This report presents the interim results up to 12 mo corrected age (c.a.) of a multicentric, prospective, controlled study on very low-birthweight infants, randomized at 40 wk post-conception in two different groups of formula feeding: 80 Kcal/dL (group A) vs 70 Kcal/dL (group B) up to 55 wk of postconceptional age. Subsequently, all the babies were fed with a follow-on formula, with the introduction of solid foods at 6 mo c.a. Weight, length, head circumference and neurological conditions with psychomotor development (evaluated by the Griffiths' Developmental Scale) were measured at regular intervals and all of these parameters were satisfactory in both groups. For growth, in group A there was a greater increase in weight in boys at 55 wk and at 6 mo c.a., and small for gestational age (SGA) babies had a greater increase in length at 1 y of age, while head circumference caught up on growth from week 40 to week 55. Measured by the Griffiths' Developmental Scale, the SGA group fed 80 Kcal/dL had a better score at 6 mo; similarly boys fed 80 Kcal/dL had a better score at 6 and at 9 mo. Conclusion: Nutrition of very low birthweight infants post-discharge could have an influence on physical growth and on neurodevelopmental outcome. This interim report needs to be confirmed at the end of the study.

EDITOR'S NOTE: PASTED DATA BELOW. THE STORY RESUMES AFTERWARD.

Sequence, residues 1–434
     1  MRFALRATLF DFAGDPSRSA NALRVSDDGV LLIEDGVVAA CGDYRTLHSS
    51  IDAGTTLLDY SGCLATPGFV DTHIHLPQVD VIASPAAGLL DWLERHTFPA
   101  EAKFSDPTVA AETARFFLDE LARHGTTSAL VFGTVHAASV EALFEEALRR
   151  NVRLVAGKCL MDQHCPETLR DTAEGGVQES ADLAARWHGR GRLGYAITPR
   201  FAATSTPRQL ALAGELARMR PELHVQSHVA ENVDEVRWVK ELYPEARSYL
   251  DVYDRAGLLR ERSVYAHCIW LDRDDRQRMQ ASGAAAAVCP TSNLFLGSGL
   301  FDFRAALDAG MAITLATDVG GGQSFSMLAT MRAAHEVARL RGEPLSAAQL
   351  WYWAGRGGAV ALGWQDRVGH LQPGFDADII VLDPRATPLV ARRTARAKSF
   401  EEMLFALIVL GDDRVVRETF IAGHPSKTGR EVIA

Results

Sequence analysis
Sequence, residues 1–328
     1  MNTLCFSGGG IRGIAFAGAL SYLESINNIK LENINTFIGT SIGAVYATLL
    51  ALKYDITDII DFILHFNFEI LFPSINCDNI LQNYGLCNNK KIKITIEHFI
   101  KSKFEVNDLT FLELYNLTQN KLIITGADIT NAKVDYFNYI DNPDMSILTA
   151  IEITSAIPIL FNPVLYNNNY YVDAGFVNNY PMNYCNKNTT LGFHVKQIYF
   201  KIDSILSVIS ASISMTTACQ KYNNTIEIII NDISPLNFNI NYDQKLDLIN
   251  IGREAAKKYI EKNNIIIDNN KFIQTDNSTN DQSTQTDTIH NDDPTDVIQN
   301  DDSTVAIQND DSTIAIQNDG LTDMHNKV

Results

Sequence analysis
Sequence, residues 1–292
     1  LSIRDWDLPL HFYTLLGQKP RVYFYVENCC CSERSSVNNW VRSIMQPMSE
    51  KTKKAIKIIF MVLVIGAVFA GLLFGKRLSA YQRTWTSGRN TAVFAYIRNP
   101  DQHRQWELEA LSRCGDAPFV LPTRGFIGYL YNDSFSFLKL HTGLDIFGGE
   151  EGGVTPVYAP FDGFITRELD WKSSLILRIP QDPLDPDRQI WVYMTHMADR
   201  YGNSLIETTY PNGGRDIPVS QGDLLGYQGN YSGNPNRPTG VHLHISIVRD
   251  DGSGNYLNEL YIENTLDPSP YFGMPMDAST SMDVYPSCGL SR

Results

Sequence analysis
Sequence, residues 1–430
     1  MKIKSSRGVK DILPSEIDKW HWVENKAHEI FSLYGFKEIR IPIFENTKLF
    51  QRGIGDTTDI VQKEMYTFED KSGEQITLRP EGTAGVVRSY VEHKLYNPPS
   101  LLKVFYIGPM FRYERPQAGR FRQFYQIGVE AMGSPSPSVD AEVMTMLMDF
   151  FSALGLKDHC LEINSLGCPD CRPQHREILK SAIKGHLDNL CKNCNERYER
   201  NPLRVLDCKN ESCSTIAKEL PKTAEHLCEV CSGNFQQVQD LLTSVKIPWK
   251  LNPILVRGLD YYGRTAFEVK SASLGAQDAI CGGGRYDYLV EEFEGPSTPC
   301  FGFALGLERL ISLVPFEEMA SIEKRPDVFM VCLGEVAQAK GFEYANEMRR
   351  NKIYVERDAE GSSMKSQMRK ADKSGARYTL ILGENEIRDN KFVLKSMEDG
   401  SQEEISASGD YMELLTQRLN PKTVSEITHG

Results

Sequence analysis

Post-discharge nutrition of the very low-birthweight infant: Interim results of the multicentric GAMMA study

Agosti, M.;
2003

Abstract

This report presents the interim results up to 12 mo corrected age (c.a.) of a multicentric, prospective, controlled study on very low-birthweight infants, randomized at 40 wk post-conception in two different groups of formula feeding: 80 Kcal/dL (group A) vs 70 Kcal/dL (group B) up to 55 wk of postconceptional age. Subsequently, all the babies were fed with a follow-on formula, with the introduction of solid foods at 6 mo c.a. Weight, length, head circumference and neurological conditions with psychomotor development (evaluated by the Griffiths' Developmental Scale) were measured at regular intervals and all of these parameters were satisfactory in both groups. For growth, in group A there was a greater increase in weight in boys at 55 wk and at 6 mo c.a., and small for gestational age (SGA) babies had a greater increase in length at 1 y of age, while head circumference caught up on growth from week 40 to week 55. Measured by the Griffiths' Developmental Scale, the SGA group fed 80 Kcal/dL had a better score at 6 mo; similarly boys fed 80 Kcal/dL had a better score at 6 and at 9 mo. Conclusion: Nutrition of very low birthweight infants post-discharge could have an influence on physical growth and on neurodevelopmental outcome. This interim report needs to be confirmed at the end of the study.
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Utilizza questo identificativo per citare o creare un link a questo documento: http://hdl.handle.net/11383/2071627
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